The disc includes a nice featurette on writer Jim Thompson, who was furious to discover his credit on the movie was "dialogue by" under Kubrick's "screenplay by." Despite that, he went on to work with Kubrick on several other projects, including Paths of Glory. I was impressed to learn that Thompson wrote and sold over a dozen novels in a 19 month period in the 50's, and surprised to discover that Martin Goodman, who also published Marvel Comics, created havoc for Thompson when he shut down the book line that was releasing his work. Small world...

I believe that with the exception of "Fear and Desire", this means all of Kubrick's films are now available in high def. That's a good thing!

Tuesday, August 16, 2011

Cobra! The Blu-Ray Review!

COBRA (blu-ray): I think what I enjoy most about many of Cannon's 80's films is how they unabashedly live in surreal, alternate dimensions. At least one of the later Death Wish movies was actually shot in England, doubling for a New York where roving gangs were destroying neighborhoods at will and elderly victims kept bazookas, surplus machine guns and boxes of ammo in the front closet "just in case."

In Cobra, Sylvester Stallone plays Marion Cobretti, a tough cop on the "zombie squad" assigned to protect a sexy model (Brigitte Neilsen). Brig has run afoul of a gang of motorcycle-riding murdering psychopaths who are nonetheless social enough to gather en masse in abandoned warehouses, clank together their axes and knives and spout generalities about tearing down society. There is literally no reason for the gang to risk their lives chasing down the model (someone vaguely says "she's a witness!"), but chase they do, rolling into the cross-hairs of Stallone's big machine gun and dying by the dozens. During the cross-country chase no other police bother to check out Sly's miles-long massacre, allowing him to eventually face off with the lead killer and exchange sweaty threats in an automated steel foundry.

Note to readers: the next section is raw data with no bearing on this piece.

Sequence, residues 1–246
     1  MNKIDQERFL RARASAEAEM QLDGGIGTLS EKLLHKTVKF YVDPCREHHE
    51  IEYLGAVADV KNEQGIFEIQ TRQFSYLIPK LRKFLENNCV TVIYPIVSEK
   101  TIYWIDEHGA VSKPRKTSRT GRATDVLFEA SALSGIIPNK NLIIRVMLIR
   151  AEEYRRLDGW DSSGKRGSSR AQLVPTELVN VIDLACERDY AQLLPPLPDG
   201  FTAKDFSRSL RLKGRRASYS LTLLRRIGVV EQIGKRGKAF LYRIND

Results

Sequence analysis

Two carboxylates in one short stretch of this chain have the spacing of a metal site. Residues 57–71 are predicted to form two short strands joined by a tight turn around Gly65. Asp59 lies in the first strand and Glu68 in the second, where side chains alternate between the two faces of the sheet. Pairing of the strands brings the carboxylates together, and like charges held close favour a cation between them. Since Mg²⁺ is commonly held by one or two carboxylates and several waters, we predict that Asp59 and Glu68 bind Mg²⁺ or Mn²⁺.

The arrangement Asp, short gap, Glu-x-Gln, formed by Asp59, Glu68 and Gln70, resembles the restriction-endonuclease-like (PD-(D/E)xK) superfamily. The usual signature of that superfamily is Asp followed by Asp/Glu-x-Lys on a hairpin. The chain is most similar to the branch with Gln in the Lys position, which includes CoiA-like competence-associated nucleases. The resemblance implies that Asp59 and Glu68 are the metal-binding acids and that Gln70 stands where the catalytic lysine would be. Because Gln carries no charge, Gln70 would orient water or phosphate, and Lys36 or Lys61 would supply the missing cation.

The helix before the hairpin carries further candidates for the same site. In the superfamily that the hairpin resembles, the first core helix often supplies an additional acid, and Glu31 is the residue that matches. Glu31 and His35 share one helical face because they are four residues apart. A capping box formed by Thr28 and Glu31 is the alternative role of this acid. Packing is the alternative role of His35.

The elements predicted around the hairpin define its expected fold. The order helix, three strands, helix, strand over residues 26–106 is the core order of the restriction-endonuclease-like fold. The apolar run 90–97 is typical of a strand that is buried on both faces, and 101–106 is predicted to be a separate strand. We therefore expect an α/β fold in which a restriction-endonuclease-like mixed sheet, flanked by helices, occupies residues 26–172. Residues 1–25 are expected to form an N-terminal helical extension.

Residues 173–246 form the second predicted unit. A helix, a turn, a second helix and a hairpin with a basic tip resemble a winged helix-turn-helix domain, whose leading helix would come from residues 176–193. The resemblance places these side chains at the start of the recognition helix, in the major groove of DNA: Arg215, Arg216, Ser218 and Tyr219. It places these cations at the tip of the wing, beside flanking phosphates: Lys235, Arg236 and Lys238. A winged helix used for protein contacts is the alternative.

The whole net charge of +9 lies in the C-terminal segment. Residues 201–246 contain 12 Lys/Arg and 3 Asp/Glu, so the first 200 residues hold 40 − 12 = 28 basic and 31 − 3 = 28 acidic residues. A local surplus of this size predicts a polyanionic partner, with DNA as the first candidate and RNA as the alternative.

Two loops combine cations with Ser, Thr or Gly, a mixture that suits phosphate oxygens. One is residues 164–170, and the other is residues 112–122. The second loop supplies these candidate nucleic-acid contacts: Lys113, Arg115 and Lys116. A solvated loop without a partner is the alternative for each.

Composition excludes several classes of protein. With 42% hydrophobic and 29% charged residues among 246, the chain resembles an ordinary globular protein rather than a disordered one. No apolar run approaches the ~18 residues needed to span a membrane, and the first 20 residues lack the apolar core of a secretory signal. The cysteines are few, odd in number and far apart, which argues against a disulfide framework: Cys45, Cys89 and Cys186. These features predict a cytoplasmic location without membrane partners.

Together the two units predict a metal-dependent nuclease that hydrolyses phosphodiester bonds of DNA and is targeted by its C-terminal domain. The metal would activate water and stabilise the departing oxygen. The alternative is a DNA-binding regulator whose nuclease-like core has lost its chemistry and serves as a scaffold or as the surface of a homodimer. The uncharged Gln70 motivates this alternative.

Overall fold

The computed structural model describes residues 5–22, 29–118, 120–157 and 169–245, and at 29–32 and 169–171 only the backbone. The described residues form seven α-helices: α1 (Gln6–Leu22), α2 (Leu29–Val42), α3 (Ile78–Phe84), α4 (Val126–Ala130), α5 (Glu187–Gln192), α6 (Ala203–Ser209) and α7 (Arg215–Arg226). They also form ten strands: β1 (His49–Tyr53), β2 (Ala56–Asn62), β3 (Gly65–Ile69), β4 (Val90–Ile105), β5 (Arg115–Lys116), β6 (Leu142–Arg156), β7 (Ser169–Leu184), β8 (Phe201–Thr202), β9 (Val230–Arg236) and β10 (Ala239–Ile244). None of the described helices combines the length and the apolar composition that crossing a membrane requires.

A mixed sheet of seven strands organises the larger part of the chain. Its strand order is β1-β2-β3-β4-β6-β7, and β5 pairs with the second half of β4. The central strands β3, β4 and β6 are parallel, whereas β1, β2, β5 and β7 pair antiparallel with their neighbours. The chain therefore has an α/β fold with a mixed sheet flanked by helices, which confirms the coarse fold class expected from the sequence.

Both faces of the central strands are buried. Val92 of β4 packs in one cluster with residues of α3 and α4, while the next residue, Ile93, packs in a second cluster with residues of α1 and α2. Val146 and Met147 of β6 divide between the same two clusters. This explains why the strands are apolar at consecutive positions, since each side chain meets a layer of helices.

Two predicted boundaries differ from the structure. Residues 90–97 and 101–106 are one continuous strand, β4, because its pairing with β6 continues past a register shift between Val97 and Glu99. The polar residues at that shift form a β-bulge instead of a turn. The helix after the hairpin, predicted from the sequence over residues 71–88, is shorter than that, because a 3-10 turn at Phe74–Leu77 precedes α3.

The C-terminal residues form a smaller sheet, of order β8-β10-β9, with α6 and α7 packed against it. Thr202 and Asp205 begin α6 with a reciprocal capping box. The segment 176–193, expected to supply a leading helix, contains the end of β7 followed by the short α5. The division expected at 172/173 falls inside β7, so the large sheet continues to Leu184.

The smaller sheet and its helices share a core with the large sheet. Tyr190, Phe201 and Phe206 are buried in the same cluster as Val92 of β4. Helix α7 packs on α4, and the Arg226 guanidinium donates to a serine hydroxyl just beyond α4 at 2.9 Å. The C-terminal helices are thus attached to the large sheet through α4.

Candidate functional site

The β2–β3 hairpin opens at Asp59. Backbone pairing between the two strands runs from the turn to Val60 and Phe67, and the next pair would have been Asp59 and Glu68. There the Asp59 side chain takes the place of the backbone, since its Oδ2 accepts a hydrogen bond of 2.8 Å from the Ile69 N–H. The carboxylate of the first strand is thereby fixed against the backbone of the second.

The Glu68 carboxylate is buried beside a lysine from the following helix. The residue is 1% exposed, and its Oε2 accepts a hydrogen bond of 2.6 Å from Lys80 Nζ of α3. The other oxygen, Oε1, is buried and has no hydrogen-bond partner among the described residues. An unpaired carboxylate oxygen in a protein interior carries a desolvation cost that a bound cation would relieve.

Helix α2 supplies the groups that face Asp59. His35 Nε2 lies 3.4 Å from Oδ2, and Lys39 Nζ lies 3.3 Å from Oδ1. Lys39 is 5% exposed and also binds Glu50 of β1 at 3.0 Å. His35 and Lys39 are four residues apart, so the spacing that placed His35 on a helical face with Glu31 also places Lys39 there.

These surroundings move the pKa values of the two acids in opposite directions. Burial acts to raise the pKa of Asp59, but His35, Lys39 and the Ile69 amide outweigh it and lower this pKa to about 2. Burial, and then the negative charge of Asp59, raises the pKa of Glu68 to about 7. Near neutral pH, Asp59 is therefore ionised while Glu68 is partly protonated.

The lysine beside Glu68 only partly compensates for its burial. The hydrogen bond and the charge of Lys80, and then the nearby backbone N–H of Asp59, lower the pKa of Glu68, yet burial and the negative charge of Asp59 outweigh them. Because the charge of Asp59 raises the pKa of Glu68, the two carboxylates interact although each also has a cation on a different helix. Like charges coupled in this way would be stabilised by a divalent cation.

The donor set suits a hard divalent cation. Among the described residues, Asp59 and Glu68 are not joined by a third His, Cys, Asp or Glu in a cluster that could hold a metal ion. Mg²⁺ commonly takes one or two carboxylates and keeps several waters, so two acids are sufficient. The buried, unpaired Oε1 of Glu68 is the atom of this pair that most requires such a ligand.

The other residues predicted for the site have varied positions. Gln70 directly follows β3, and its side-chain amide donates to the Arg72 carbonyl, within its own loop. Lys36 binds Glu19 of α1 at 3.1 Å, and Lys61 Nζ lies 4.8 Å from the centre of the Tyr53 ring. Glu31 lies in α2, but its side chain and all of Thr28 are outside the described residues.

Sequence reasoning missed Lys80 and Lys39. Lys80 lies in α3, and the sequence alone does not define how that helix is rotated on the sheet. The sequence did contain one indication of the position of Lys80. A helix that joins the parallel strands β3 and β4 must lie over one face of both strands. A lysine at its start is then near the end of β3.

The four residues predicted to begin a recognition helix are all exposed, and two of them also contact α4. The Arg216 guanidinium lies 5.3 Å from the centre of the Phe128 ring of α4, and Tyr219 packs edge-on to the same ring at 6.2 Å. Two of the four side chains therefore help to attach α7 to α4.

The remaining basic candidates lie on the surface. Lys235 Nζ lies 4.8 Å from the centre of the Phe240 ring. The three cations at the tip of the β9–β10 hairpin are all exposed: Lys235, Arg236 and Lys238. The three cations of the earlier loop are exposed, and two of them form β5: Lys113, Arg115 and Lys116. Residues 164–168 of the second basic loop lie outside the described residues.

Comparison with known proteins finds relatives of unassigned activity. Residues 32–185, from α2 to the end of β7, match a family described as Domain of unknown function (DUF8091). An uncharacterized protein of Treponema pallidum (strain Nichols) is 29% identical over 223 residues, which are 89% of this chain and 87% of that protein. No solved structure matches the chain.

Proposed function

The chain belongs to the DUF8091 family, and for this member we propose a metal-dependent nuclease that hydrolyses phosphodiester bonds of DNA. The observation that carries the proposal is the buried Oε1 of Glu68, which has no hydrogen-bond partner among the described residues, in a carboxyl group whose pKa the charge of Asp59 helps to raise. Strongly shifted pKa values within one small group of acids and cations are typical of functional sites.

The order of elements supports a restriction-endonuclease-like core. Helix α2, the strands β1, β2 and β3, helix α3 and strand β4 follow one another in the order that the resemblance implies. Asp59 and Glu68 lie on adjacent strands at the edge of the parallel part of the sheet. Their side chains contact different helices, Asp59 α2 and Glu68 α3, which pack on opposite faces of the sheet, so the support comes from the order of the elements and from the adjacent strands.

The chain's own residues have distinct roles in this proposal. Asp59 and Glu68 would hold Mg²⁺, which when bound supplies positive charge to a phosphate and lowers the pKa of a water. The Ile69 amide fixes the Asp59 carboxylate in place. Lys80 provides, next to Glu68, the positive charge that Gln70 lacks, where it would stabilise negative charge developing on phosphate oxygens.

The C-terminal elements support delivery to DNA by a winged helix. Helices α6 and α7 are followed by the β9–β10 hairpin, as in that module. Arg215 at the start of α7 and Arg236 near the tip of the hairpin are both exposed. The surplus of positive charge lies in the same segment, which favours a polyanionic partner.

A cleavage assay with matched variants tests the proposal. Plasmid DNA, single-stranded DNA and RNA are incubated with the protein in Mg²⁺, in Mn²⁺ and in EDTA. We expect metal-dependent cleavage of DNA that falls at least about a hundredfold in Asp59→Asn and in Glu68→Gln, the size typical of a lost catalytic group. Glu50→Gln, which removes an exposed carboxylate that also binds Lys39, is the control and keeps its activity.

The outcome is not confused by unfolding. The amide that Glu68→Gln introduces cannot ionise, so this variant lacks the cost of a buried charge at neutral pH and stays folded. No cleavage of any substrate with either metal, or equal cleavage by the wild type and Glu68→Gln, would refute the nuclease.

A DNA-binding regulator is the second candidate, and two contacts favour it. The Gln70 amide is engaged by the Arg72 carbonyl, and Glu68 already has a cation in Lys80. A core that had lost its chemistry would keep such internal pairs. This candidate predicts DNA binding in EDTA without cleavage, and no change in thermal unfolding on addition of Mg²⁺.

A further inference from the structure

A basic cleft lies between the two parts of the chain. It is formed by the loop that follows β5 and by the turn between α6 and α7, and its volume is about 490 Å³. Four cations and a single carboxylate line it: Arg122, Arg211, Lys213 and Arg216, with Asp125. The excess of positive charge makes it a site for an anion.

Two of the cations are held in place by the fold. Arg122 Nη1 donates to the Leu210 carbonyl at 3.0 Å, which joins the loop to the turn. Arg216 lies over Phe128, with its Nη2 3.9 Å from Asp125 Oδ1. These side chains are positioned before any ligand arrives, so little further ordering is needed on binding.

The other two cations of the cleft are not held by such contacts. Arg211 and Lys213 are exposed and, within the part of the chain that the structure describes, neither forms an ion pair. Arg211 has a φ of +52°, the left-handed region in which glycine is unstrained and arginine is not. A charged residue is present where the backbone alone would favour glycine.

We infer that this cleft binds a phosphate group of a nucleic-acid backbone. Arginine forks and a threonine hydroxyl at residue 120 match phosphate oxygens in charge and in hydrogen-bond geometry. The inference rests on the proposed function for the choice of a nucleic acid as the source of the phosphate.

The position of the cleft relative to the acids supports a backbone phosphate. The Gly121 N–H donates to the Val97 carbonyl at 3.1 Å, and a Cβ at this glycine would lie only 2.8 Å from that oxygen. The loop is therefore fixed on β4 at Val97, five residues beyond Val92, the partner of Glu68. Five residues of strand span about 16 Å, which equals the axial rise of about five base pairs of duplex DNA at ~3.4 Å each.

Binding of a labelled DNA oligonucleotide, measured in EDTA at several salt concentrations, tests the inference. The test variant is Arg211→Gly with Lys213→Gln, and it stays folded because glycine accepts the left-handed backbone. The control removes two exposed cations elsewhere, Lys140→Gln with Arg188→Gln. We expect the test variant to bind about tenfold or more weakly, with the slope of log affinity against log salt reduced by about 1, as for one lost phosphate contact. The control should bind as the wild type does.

It's a movie where Stallone's character repeatedly manhandles/abuses his weasley cop boss (played by Andrew Robinson, the giggling killer in Dirty Harry) without any real consequences besides stern looks. Where "Cobra" gets permission to roll his witness out of town because at least then the killers will be chasing him and not causing trouble in the city (!). Where the destruction of Cobra's cool black Mercury carries more emotional weight than the wanton slaughter of innocent hostages. Remember when DC Comics would to tell a story out of continuity ("What if Bruce Wayne's parents never died?") and called them "imaginary stories?" That more or less describes the world of Cobra to a tee...

PS: Maybe it's just me, but blu-ray doesn't really enhance this thing much... it still feels fuzzy and murky. And the image quality isn't much, either.

Monday, August 15, 2011

First Steve Buscemi, Now This!

Ever wonder what celebrities would look like if they had Michelle Bachmann's eyes? Wonder no longer!

Sunday, August 14, 2011

Sarah Palin Says...

Sarah Palin says she can support "anyone except Obama." Is this the opening that Barney Frank's been waiting for?!

Monday, August 01, 2011

Buzz Aldrin Punches A Guy

I've never been big on violence to solve problems, but boy was this guy asking for it.